Accept the certificate. It is not necessary to view the certificate or make any configuration changes.

    The Oracle Secure Backup Login page appears.

  3. Enter an Oracle Secure Backup user name in the User Name box and a password in the Password box.

    If you are logging into the Oracle Secure Backup Web tool for the first time, then log in as the admin user. You can create additional users after you log in.

    Note:

    Oracle recommends that you not use browser-based password managers to store Oracle Secure Backup passwords.
  4. Click Login. The Oracle Secure Backup Home page appears.

    The Home, Configure, Manage, Backup, and Restore tabs are explained in detail in the following sections.

4.2.2 Web Tool Home Page

After you log in to the Oracle Secure Backup Web tool interface, the Oracle Secure Backup Home page appears. This page provides a summary of the current status of each Oracle Secure Backup job and tape device. Figure 4-2 shows an example of the Home page.

Figure 4-2 Oracle Secure Backup Home Page

Description of Figure 4-2 follows
Description of "Figure 4-2 Oracle Secure Backup Home Page"

The main page includes the schedule times, status, job IDs, job type, and job level of recent jobs. Oracle Secure Backup provides a link for failed jobs, alerting users and administrators to potential trouble spots.

The Devices link lists the tape devices associated with each job along with information concerning tape device type, device name, and status. This page provides you with an overall picture of the various backup or restore processes that are going on.

Note:

A status of "device not in use" means that the tape device is present but is not currently being utilized for backup or restore operations.

A menu bar at the top of the Oracle Secure Backup Home page enables you to select among the Configure, Manage, Backup, and Restore tabs.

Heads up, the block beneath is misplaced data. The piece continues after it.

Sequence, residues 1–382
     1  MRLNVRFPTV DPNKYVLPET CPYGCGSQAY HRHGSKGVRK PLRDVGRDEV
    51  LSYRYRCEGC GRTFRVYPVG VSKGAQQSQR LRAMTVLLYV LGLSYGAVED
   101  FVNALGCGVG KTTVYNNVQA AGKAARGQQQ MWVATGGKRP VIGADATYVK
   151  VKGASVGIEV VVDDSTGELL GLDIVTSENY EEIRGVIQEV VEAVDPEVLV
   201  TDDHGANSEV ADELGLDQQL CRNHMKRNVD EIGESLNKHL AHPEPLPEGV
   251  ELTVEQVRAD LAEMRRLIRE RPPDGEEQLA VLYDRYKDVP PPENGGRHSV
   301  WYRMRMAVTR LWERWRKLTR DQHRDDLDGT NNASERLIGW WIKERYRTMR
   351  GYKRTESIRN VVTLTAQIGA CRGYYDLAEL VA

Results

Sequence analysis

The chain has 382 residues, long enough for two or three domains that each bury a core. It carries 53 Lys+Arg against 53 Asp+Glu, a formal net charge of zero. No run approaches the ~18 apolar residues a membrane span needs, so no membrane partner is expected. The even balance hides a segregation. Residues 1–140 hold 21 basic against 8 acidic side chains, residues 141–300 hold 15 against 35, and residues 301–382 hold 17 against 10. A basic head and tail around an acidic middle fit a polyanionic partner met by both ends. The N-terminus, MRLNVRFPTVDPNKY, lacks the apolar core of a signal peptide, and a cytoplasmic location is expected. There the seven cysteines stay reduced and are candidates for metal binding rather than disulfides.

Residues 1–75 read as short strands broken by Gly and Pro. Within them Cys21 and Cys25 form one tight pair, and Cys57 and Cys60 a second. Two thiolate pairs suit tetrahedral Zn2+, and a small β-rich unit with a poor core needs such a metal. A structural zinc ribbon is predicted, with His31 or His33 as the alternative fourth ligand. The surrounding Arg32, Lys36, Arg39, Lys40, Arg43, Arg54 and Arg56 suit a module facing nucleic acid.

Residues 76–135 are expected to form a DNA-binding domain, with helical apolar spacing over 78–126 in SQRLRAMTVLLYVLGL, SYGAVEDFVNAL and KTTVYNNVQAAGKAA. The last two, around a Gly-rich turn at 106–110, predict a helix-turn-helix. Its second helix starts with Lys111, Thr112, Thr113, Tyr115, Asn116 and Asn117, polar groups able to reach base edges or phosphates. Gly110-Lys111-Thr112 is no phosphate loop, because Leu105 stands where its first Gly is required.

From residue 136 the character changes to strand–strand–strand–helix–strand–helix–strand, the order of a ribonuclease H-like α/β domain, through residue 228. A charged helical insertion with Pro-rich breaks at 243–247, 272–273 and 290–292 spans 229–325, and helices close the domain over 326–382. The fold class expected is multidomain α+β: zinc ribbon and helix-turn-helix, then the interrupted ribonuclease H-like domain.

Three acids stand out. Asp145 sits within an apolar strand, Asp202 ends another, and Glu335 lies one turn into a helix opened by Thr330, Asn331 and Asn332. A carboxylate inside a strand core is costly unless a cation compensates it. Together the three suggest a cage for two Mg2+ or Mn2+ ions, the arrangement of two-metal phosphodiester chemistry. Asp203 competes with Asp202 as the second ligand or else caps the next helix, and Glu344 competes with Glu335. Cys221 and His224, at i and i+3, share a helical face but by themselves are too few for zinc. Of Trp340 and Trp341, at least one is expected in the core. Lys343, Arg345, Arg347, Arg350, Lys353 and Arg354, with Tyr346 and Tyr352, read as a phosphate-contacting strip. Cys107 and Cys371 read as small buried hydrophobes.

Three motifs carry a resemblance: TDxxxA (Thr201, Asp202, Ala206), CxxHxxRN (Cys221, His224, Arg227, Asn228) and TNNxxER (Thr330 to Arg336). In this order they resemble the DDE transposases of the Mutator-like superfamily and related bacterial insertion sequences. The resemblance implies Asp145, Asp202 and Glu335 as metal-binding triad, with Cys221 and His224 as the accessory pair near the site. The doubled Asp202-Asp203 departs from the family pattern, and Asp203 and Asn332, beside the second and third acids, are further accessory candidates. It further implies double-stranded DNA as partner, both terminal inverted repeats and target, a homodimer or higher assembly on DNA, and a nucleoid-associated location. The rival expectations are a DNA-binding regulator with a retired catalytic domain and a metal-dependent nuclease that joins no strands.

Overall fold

Note:

When using the Oracle Secure Backup Web tool, ensure that your browser is configured to reload the page every time it is viewed. Otherwise, the browser might display stale information. For example, changes made in obtool might not be visible in the browser.

4.2.2.1 Persistent Page Links

The top and bottom panels of the Home page, and every page of the Oracle Secure Backup Web tool interface, have the following persistent links:

  • Help

    Use this link to access online documentation for Oracle Secure Backup in PDF format.

  • Logout

    Logs the current user out of the Oracle Secure Backup Web tool, clears user name and password cookies, and returns to the Login page.

  • Preferences

    Use this link to access settings for the following options:

    • Extended command output

      This option displays obtool commands used to perform actions and generate output pages for the Oracle Secure Backup Web Tool at the bottom of each page.

    • Background timeout

      This option sets the maximum idle time for obtool background processes used by the Oracle Secure Backup Web tool to retain state information across requests.

      Operations such as catalog browsing, data restore operations, and on-demand backup operations use a background obtool process to retain state information across HTTP requests. When the time between requests exceeds this limit, the process exits gracefully and the associated user's session state is lost. The default is 24 hours.

    • Select table size

      This option sets the number of rows in the display window of the Oracle Secure Backup Web tool interface. The default is 8 rows.

  • About

    This link displays information about the Oracle Secure Backup software, including release date, system information, administrative server name, and IP address.

4.2.3 Web Tool Configure Page